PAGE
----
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TB Is About People

October 2003

A note from TheBody.com: Since this article was written, the HIV pandemic has changed, as has our understanding of HIV/AIDS and its treatment. As a result, parts of this article may be outdated. Please keep this in mind, and be sure to visit other parts of our site for more recent information!

Remarks at the opening plenary of the 34th World Conference of the International Union Against Tuberculosis and Lung Disease (IUATL), Paris, 2003.

I've been an HIV/AIDS activist for the past ten years. Although I knew that I was going to die of AIDS, no one specified exactly what that really meant in terms of the opportunistic infection that would take me. In my life as a person living with HIV, the nearest that I came to actually dying was when I had tuberculosis. And if I had died of tuberculosis, I would have been one of the AIDS statistics. Everybody, because they know I am HIV-positive, would have said I died of AIDS. Now technically, that would probably be true, because the underlying cause would have been HIV. But the fact that I took the TB medicines and got well shows that something is missing -- that in our fight against AIDS, we are not looking at the individual opportunistic infections that can be cured. I’m HIV positive. I took the TB drugs when I had TB and I am here speaking to you today. My brothers were HIV-positive too. They had tuberculosis but they didn’t take the TB drugs because they were not available, and they are no longer here.

In my recent travels, I found that this gives a different perspective to people. When you go to countries like France or the U.S.; when you talk about 50 million people living with HIV in Africa, many people just want to look away because the problem looks so insurmountable. They think, how can we deal with this? And the fact is that AIDS is known as an incurable disease. So when you say, "50 million people living with HIV in Africa," people then make the equation: HIV is equal to AIDS and AIDS is equal to death; there’s no cure. But if you say, hey wait: the biggest killer of people living with HIV in Africa and many other developing countries is tuberculosis -- and if you give them drugs that cost ten dollars, you can save someone’s life -- and you can avoid having more orphans ... then people see it differently. In place after place that I recently visited people said, well, this gives some hope.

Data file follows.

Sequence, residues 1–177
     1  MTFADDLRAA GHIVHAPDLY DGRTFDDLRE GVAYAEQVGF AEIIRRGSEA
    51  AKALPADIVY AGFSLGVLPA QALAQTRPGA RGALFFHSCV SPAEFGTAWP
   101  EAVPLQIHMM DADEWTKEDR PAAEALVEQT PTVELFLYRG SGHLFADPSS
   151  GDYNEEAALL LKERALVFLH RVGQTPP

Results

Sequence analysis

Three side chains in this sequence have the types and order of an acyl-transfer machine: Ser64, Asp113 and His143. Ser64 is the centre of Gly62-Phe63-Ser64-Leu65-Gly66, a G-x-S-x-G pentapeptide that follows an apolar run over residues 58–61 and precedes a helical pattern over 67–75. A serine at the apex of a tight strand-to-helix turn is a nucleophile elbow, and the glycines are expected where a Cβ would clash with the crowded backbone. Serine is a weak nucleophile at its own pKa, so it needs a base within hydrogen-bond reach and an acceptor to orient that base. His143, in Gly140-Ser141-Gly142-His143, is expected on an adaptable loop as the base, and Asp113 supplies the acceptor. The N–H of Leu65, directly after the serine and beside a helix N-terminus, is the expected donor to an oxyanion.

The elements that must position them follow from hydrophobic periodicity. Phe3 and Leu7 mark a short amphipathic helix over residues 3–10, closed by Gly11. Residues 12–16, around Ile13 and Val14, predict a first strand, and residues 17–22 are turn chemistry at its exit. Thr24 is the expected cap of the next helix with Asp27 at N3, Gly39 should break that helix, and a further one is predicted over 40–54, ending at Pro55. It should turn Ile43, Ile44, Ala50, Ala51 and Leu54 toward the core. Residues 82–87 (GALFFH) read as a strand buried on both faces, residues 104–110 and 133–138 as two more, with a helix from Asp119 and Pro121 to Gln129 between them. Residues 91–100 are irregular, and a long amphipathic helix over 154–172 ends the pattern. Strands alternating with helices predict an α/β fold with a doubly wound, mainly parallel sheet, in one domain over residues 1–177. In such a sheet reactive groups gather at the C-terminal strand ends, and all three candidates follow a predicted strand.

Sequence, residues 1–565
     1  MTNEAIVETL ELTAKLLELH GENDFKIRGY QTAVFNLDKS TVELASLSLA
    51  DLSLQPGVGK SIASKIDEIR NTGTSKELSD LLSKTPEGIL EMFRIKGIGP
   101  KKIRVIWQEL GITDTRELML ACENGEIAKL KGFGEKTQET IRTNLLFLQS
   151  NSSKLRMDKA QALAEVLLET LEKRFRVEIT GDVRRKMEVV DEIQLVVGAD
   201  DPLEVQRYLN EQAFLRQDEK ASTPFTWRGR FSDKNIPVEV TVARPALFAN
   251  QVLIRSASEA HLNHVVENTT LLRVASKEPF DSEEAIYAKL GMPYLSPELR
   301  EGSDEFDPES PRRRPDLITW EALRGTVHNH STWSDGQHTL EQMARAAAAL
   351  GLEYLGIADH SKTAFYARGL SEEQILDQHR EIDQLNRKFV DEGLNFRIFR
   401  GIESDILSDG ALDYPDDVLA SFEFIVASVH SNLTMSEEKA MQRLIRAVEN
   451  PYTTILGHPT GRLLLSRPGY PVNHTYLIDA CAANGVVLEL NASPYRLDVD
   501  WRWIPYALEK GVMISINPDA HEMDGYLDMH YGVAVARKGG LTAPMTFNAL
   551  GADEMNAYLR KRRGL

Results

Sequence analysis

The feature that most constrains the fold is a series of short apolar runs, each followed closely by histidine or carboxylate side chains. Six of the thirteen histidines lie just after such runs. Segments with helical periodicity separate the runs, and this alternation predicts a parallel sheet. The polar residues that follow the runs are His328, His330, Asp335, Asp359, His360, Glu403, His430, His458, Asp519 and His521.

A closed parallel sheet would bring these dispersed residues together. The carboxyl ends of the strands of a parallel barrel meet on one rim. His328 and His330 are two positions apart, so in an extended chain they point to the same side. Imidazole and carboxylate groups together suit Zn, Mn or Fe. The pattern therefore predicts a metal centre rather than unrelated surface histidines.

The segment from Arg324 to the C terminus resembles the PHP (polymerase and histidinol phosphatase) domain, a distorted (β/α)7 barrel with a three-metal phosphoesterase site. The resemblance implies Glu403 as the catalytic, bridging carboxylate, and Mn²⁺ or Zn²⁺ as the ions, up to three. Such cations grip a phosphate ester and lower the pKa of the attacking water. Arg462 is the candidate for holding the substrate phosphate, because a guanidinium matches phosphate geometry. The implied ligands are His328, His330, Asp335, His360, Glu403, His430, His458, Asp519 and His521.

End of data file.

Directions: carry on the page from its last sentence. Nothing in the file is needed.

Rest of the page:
We all know that antiretrovirals are ultimately what we need. They are medications that are available now that have shown they can prolong life and improve the quality of life. But for many of us the dream of getting antiretrovirals is much more farfetched than the dream of getting drugs for ten dollars that can cure you of your disease. Even to me, who has been an AIDS activist for a long time, this is a new way of looking at things. And now when I see someone living with HIV, I say, well, if you don’t have antiretrovirals now, you should go and get checked for tuberculosis. If you have tuberculosis, it can be cured. Now, I know there are difficulties in case finding, the diagnostics are very old, the drugs are difficult to take -- six months is too long to take drugs -- and there needs to be research and drug development around tuberculosis. But if you have TB, you can take these drugs we have and be cured.

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I'm very encouraged that the organizers of this conference have invited, not only scientists, but also people living with tuberculosis and people living with HIV. I think this conference needs to have a community component so that you can actually see the people that you are talking about. It's not only about the germs and the pills, but also about the people under the microscopes and behind PowerPoint presentations. I'm also very glad that the WHO is now looking into social and community mobilization around the issues of tuberculosis. I believe that tuberculosis cannot be fought in the labs alone, and I think this is what has been missing. TB is about people; it is about our relatives, our friends; it’s about people who are actually living with this disease.

Winstone Zulu is founding member of the Zambian Network of People Living with HIV.

A note from TheBody.com: Since this article was written, the HIV pandemic has changed, as has our understanding of HIV/AIDS and its treatment. As a result, parts of this article may be outdated. Please keep this in mind, and be sure to visit other parts of our site for more recent information!



  
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This article was provided by Gay Men's Health Crisis. It is a part of the publication GMHC Treatment Issues. Visit GMHC's website to find out more about their activities, publications and services.
 
See Also
Tuberculosis (TB) Fact Sheet
Questions and Answers About Tuberculosis
More on Tuberculosis & HIV
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